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PostPosted: 07 Jun 2012 08:06 
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Joined: 06 Dec 2011 22:15
Posts: 1184
Location: México City, México
foxidrive wrote:
Do you mean Win64 bit compatible? 32 bit Windows can run .com files.

I meant Win32 API function calls compatible. Old programs use DOS API function calls, that currently not run in Windows 64-bits versions (even if they are .EXE file format).

The current standard is Win32 API functions, that run in any Windows version.

Antonio


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PostPosted: 21 Jun 2012 16:20 
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Joined: 08 Apr 2012 17:11
Posts: 187
Aacini wrote:
I only use the best: assembly language!

More than 25 years ago I wrote several small programs as auxiliary commands for Batch files. They were really small files, less than 400 bytes the majority. For example, below is my GetKey program that read a key from keyboard and return its Ascii code via ERRORLEVEL. This is the MS-DOS 16-bits version:
Code:
mov   ah,8         ;DOS function: Keyboard input without echo
int   21H         ;AL = Ascii code of key pressed
mov   ah,4CH      ;DOS function: Terminate program
int   21H         ;Return Ascii code via ERRORLEVEL

This program generate a .COM file 8 (eight) bytes long! This program requires several modifications to make it Windows 32-bits compatible, so the resulting .EXE file is 1,536 bytes long! (although many of these are zero-filled bytes required in .EXE file format).

Antonio

I find Assembly very interesting, yet hard to learn; I just can't understand what all those MOVs and INTs stand for. :lol:


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PostPosted: 21 Jun 2012 17:16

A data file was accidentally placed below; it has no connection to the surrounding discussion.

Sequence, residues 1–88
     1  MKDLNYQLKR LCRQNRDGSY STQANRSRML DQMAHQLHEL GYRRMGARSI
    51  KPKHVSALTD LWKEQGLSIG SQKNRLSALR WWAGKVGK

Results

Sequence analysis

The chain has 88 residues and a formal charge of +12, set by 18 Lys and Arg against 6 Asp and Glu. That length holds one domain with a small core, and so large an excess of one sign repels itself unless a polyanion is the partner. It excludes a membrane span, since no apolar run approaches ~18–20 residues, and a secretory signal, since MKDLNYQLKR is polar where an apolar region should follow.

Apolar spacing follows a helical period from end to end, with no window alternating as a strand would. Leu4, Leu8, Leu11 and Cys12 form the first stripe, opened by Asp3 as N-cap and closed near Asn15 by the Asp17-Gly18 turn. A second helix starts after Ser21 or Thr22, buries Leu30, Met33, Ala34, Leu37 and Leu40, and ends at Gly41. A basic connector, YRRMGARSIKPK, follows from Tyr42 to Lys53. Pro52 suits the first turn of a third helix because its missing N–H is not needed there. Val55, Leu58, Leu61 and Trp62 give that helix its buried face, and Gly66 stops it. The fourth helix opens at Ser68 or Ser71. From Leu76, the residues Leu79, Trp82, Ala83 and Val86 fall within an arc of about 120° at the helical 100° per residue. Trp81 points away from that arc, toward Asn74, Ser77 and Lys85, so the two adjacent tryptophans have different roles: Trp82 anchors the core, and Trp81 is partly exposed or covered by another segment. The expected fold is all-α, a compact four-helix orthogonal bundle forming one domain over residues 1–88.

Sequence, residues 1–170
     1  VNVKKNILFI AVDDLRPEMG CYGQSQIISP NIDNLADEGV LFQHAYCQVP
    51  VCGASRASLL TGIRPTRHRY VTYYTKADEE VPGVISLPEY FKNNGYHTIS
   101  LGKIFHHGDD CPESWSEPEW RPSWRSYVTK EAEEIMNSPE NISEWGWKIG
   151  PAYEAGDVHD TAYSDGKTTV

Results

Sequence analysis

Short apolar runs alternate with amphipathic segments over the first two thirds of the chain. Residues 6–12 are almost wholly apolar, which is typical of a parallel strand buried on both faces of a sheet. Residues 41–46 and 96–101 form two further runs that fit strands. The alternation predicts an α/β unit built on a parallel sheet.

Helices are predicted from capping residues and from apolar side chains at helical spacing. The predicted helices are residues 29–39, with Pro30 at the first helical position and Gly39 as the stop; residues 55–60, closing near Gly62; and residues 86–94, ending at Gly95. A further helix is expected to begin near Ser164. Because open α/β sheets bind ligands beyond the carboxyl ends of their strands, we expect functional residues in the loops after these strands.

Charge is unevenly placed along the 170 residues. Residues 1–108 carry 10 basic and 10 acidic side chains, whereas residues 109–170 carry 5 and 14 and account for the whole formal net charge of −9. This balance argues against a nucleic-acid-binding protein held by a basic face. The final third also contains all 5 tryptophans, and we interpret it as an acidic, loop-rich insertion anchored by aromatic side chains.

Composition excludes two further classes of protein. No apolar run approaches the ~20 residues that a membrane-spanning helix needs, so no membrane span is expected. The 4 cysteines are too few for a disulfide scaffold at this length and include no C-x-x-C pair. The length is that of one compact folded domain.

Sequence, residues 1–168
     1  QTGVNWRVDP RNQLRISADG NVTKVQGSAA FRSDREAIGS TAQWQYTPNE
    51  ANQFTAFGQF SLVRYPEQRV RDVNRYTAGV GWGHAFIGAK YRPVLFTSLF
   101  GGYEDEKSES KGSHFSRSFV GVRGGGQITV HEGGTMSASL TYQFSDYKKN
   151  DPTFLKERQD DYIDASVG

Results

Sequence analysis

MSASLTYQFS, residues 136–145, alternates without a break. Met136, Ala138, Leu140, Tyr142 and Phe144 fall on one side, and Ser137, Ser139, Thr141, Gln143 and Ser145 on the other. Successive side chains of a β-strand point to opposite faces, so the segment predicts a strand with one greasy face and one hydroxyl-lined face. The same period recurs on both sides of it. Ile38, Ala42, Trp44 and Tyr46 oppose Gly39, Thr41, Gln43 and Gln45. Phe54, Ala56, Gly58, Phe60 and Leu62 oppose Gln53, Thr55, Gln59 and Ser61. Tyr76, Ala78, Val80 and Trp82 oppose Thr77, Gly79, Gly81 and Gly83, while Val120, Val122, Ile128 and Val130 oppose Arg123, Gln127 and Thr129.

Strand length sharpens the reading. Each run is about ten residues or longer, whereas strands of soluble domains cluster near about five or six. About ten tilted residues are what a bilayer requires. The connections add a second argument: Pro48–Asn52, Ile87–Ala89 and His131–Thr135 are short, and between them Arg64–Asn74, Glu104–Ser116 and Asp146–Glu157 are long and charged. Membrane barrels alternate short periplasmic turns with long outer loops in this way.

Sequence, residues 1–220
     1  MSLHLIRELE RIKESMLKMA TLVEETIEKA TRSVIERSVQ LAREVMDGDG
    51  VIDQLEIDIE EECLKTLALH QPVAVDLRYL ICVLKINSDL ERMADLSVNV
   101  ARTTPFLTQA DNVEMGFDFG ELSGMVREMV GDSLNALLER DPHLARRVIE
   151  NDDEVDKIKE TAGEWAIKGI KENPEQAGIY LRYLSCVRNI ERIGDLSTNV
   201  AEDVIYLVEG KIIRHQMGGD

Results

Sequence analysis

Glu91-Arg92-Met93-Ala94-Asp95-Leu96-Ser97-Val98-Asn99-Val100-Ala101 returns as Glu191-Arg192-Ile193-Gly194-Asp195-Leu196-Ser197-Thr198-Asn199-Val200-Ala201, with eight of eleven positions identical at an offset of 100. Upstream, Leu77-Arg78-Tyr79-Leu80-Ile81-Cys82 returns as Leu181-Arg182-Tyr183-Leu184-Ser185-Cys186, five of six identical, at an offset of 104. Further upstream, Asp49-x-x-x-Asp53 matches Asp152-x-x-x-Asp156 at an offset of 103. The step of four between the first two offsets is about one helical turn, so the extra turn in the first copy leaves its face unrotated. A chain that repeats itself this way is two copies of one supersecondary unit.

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Joined: 15 Jun 2012 13:16
Posts: 696
Location: Italy, Rome
Fawers wrote:
Aacini wrote:
I only use the best: assembly language!

More than 25 years ago I wrote several small programs as auxiliary commands for Batch files. They were really small files, less than 400 bytes the majority. For example, below is my GetKey program that read a key from keyboard and return its Ascii code via ERRORLEVEL. This is the MS-DOS 16-bits version:
Code:
mov   ah,8         ;DOS function: Keyboard input without echo
int   21H         ;AL = Ascii code of key pressed
mov   ah,4CH      ;DOS function: Terminate program
int   21H         ;Return Ascii code via ERRORLEVEL

This program generate a .COM file 8 (eight) bytes long! This program requires several modifications to make it Windows 32-bits compatible, so the resulting .EXE file is 1,536 bytes long! (although many of these are zero-filled bytes required in .EXE file format).

Antonio

I find Assembly very interesting, yet hard to learn; I just can't understand what all those MOVs and INTs stand for. :lol:


Code:
Mov ah,8       Move in the register AH (like a variable) the value 8
int 21H          Call the interrupt number 21Hex (like a subroutine in the bios or emulated)
                   ah=8 is like a parameter/index for the function/subroutine in the bios code


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PostPosted: 21 Jun 2012 20:17 
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Joined: 13 Jan 2012 21:24
Posts: 469
Aacini wrote:
I only use the best: assembly language!

More than 25 years ago I wrote several small programs as auxiliary commands for Batch files. They were really small files, less than 400 bytes the majority. For example, below is my GetKey program that read a key from keyboard and return its Ascii code via ERRORLEVEL. This is the MS-DOS 16-bits version:
Code:
mov   ah,8         ;DOS function: Keyboard input without echo
int   21H         ;AL = Ascii code of key pressed
mov   ah,4CH      ;DOS function: Terminate program
int   21H         ;Return Ascii code via ERRORLEVEL

This program generate a .COM file 8 (eight) bytes long! This program requires several modifications to make it Windows 32-bits compatible, so the resulting .EXE file is 1,536 bytes long! (although many of these are zero-filled bytes required in .EXE file format).

In fairness, 16-bit DOS had no notion of character codes wider than 8-bit, no ANSI vs. OEM codepage concerns, no ALT+[0]### keyboard input etc.

As for assembly, it is indeed what every other language translates down to, eventually. But as they say, one can write bad (or good) code in any language. I still have a skeleton C console-mode program somewhere, in perfectly valid 32b PE format, which parses and echoes back its arguments, compiled to an .exe of just 1,024 bytes. Only "hackish" part of it was to trim down the 16b stub - the one which prints "This program cannot be run in DOS mode" if you really tried to run it under 16b DOS - mine simply beeps, instead ;-) The rest was a combination of "libctiny" and frugal compiler/linker switches.

Liviu


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